Tuesday, 18 January 2011


Kelp taker under fresh scrutiny

The man who has been harvesting seaweed from a south coast beach is being investigated by three authorities.
Simon Stott, who has been harvesting bladder kelp (Macrocystis) 1.6km south of Brighton beach for fertiliser, is now under investigation by the Ministry of Fisheries, the Otago Regional Council and the Dunedin City Council.
The investigations were sparked after Dunedin city councillor and Brighton resident Colin Weatherall raised concerns last week that Mr Stott had damaged sand dunes by driving over them with a 10-tonne truck and front-end loader to reach the beach.
At the time, Ministry of Fisheries fisheries officer John Kennedy told the Otago Daily Times the ministry believed Mr Stott was permitted to harvest bladder kelp under the ministry's quota system.
However, he contacted the ODT yesterday saying it now appeared Mr Stott might not be allowed to harvest seaweed and the ministry was investigating.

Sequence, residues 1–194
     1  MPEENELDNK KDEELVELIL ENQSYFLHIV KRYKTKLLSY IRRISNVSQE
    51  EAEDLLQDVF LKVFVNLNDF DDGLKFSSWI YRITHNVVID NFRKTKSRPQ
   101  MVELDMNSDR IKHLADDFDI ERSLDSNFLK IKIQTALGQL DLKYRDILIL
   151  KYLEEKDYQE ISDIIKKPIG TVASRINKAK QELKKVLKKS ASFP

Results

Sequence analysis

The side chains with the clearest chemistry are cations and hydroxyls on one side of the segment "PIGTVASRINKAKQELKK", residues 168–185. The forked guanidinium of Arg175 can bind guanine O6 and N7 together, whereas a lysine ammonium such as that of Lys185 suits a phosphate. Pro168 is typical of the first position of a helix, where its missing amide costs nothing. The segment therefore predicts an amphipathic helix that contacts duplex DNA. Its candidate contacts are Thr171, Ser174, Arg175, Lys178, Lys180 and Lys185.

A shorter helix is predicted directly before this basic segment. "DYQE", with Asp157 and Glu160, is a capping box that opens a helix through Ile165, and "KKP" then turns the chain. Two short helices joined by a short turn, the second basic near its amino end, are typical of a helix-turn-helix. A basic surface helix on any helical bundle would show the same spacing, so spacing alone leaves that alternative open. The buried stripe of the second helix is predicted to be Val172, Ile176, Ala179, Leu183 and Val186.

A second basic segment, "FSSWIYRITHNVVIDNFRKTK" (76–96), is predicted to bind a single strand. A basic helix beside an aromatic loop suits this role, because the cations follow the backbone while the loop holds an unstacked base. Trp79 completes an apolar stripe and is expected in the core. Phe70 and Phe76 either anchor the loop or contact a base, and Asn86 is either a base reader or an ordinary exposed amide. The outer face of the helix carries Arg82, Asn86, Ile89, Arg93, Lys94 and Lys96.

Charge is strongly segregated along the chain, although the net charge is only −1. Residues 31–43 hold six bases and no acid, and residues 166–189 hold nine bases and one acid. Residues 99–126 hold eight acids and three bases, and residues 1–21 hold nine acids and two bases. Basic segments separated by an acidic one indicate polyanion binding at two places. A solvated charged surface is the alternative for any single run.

"There is no commercial beach-cast harvesting of any type of seaweed in the Brighton-Taieri Mouth area," he said.
The Otago Regional Council was also investigating, resource management director Dr Selva Selvarajah said yesterday.
Mr Stott did not have an ORC resource consent to remove seaweed, he said.
"We could prosecute or serve a $500 infringement notice.
"There is a rule for the removal of natural materials, such as sand, shells or seaweed.
"It is considered a permitted activity, but disturbing a coastal marine area has restrictions under the coastal plan and people should refer to the rules."
Staff were preparing a report which would be competed "shortly", he said.
Cr Weatherall said yesterday he had been told DCC staff were looking into the damage to the two beachfronts.
"The unauthorised encroachment of the roading reserve is under investigation," he said.
Both Cr Weatherall and Mr Kennedy said Mr Stott had not harvested at the beach since last week.
Mr Stott could not be contacted for comment yesterday.

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